Little Girl's Friends Are Obsessed With Her Prosthetic Leg

So, here's the best of what the internet has to offer: A short video of a schoolgirl running and playing with her friends on the playground for the very first time. The girl is 7-year-old Anu, and in the video, her friends were ecstatic after the little girl got a prosthetic leg that now allows her to fully participate in recess with them — finally. That's because, although Anu has been wearing a prosthetic for most of her life, the sports blade makes it possible for her to engage more fully in a broad range of activities that are nearly universal staples of childhood.

BBC Midlands Today posted the clip to social media this week, and it's going to tug on all your heartstrings. In it, Anu marches toward her friends on the court in Birmingham, England, and they eagerly gather around. "Is that your new pink leg?" one friend asks, clearly impressed. A couple of the girls — they're all wearing adorable yellow dresses — hug her. And then they're off. They chase one another playfully, as kids do. Soon, Anu and another friend are walking in a kind of lockstep, hand in hand. They're all smiles.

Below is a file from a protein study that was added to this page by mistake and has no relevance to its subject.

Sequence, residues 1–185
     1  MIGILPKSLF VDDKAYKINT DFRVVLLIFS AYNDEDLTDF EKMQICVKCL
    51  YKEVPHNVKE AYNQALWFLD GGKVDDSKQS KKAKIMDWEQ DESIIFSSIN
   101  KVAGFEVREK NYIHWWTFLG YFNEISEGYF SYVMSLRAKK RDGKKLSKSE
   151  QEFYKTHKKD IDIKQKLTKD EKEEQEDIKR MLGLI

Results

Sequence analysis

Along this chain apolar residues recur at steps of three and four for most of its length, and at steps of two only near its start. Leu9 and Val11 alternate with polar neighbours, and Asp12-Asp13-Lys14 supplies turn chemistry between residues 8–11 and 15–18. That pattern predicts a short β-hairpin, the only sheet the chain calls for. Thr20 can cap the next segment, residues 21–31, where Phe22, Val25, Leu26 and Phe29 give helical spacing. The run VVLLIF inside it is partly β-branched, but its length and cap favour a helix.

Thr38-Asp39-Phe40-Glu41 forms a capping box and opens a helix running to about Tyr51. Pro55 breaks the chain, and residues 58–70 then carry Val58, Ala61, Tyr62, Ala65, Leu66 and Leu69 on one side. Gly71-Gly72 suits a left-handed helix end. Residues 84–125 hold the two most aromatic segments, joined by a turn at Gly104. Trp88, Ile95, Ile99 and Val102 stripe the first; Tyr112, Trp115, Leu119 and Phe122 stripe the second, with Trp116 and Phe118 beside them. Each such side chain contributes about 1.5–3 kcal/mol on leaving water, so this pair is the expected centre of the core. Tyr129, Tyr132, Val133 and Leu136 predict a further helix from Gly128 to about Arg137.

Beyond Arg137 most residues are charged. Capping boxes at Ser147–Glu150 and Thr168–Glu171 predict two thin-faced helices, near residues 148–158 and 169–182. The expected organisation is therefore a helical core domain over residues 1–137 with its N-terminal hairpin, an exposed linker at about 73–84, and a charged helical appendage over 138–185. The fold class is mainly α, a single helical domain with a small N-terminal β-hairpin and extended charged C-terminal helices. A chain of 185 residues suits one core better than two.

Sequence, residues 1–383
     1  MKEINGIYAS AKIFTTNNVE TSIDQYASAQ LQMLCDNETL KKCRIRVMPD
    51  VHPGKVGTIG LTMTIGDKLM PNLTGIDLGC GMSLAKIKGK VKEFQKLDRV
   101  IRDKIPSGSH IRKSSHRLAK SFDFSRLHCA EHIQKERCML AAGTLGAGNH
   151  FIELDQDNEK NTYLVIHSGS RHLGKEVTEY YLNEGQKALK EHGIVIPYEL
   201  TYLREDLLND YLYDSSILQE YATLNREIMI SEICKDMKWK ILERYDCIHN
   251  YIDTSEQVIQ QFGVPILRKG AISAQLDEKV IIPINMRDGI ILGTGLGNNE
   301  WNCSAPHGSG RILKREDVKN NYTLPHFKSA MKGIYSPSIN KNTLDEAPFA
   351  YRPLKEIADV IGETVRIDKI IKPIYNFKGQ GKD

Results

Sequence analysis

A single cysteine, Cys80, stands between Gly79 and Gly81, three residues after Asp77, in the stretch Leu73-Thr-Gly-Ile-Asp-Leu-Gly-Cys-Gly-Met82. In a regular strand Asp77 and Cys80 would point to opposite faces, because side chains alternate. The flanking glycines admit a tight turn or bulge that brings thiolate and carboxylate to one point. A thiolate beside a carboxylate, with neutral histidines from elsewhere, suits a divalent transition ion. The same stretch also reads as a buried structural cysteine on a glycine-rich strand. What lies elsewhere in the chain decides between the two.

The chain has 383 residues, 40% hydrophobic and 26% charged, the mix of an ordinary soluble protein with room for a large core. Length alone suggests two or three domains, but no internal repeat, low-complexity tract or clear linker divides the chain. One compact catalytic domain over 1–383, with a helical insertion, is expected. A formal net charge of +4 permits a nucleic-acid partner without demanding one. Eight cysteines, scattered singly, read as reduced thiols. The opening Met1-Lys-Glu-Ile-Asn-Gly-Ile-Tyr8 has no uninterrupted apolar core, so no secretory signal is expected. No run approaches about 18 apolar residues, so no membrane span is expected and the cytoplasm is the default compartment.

Simply put, it could not be cuter.

"Anu is seven and goes to school in Birmingham," BBC Midlands captioned the tweet. "Look what happened when she showed her friends her new sports blade. It's just gorgeous!"

Because an umbilical cord wrapped tightly around Anu's right leg at birth cut off blood circulation, it had to be removed shortly afterward, according to NPR. The BBC followed Anu over the course of its reporting on a British program through the National Health Service to help children who need extremely expensive sports prosthetics that would otherwise be extremely expensive in order to be active. "It makes me run faster and do my street dancing faster," Anu told the BBC Midlands in a video that also shows her playing soccer in with her dad in their backyard.

Although the National Health Service got $2 million to fund prosthetics for kids like Anu, it's possible that this money won't be replenished, NPR reported. And because growing children require a "change of socket" every year, according to the Comprehensive Prosthetics and Orthotics group, that's a serious concern for families with kids in situations similar to Anu's — and for Anu's family itself.

For now, though, let's just bask in the pure, delightful joy of children — and try to learn a thing or two from them, too.